Memorial Day has me thinking about of all things: butterflies.
I remember when I was in grade school I took an elective science class over the summer. It was pretty cool for an 11-year-old boy. We got to dissect mice, capture snakes and taxidermy fish.
But the best part of the class involved bugs.
We captured all kinds of creepy crawly things, stuck them in a jar with a cotton ball soaked in alcohol and then mounted them on Styrofoam with a straight pin.
When it came time to capture butterflies, I was at a disadvantage. I didn’t have a net.
Back in 1975, Osco sold nets for $5 apiece.
My father was a successful farmer and a veterinarian. But he also was a child of the Great Depression. Frugality defined him and when he learned the price of the net, he balked.
I was ordered to get a stretch of No. 9 wire from the farm’s shop and bring it to him. He fashioned it into a giant hoop with a handle on it.
“Go get a pair of your mother’s pantyhose from her dresser,” he said as he finished shaping the last part of the wire with a pair of pliers.
When I fished through the pantyhose drawer, I looked for the pair with the biggest stain. After all, why ruin a new pair? (I may have been taking a summer science class, but there still was a lot my 11–year-old mind had yet to comprehend.)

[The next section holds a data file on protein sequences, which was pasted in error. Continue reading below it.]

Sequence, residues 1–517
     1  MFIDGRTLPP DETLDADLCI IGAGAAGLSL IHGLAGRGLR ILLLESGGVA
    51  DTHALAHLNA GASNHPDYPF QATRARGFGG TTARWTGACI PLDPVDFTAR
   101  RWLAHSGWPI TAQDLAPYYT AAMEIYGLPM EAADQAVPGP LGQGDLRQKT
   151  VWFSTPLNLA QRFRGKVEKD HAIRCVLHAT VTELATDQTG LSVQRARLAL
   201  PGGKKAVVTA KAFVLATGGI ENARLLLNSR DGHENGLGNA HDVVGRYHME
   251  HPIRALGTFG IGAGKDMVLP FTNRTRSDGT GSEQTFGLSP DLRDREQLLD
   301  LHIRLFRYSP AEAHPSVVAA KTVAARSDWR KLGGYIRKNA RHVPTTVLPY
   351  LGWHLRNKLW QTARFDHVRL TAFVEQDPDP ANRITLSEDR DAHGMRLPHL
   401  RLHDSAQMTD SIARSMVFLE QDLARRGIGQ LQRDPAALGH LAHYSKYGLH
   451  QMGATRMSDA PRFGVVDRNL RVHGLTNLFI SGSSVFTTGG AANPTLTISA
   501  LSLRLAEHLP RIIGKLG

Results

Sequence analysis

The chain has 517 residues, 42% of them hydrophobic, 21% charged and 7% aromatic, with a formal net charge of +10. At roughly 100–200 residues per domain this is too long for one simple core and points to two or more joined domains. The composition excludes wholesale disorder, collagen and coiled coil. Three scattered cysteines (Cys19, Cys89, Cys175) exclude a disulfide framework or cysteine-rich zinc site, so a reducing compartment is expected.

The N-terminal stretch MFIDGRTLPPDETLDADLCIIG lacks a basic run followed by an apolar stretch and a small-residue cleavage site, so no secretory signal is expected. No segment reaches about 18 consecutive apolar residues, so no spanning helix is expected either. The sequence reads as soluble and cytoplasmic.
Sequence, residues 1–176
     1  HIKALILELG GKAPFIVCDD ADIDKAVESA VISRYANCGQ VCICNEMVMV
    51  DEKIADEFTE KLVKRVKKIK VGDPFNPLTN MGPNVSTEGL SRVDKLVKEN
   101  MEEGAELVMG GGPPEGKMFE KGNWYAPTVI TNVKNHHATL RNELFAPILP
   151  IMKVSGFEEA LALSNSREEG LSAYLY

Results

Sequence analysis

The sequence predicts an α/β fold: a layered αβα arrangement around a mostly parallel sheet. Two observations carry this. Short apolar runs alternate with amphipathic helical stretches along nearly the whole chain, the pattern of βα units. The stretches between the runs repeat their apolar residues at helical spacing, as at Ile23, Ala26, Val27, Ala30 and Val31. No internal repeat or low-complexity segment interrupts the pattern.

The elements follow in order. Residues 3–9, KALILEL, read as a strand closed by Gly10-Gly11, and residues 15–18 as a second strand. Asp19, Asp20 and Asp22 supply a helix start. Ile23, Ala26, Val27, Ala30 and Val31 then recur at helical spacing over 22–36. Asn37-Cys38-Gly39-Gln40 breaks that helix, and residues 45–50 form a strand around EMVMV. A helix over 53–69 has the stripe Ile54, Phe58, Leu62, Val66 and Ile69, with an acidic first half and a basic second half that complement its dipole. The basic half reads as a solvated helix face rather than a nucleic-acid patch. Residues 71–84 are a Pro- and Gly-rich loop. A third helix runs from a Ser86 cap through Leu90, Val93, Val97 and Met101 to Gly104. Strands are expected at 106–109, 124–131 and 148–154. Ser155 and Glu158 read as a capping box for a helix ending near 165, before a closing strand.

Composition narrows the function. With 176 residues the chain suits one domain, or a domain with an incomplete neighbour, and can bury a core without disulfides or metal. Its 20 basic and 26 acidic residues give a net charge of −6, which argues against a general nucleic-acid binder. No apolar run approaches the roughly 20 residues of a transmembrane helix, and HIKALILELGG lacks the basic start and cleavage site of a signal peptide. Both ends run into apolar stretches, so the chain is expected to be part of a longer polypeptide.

Dad slid the elastic waistband over the hoop and, presto, I had my own net.
I was then dispatched into the yard to catch moths and butterflies at my leisure.
The hose caught a stout wind and both legs flapped like an air sock near a landing strip. And the crotch? It looked like the flag of Japan, red rising sun and all.
As butterflies glided by I swung with much enthusiasm, but not much coordination. Soon I was drawing an audience of hired men and other passersby.
And then my mother arrived home from running errands and spotted me, pantyhose and all, in the front yard.
She rolled down the car window and gasped, “What are you doing?”
“Catching butterflies with this net Dad made me.”
“Put it away, now.”
“But, Mom I’ve got to catch butterflies for my school project.”
Soon she marched into the kitchen and said to my father, “Don, what have you done?”
“I made Scott a butterfly net,” my perplexed father replied.
That was Dad, practical to the core. He was always looking for ways to get things done for the least amount possible. And Mom, the other half of the business, was busy reigning in his more “creative” impulses.
Before the day was out, I was catching butterflies with a store-bought net. And not only had I added monarchs and swallowtails to my assortment of bugs on Styrofoam, but I had yet another tale to add to a collection of family stories.
When I stand over my parents’ grave this Memorial Day, I won’t be thinking about deathbeds or final words. I’ll be remembering pantyhose and butterflies.
I love and miss you, Mom and Dad.
• Scott Reeder, a staff writer for Illinois Times, can be reached at email@example.com.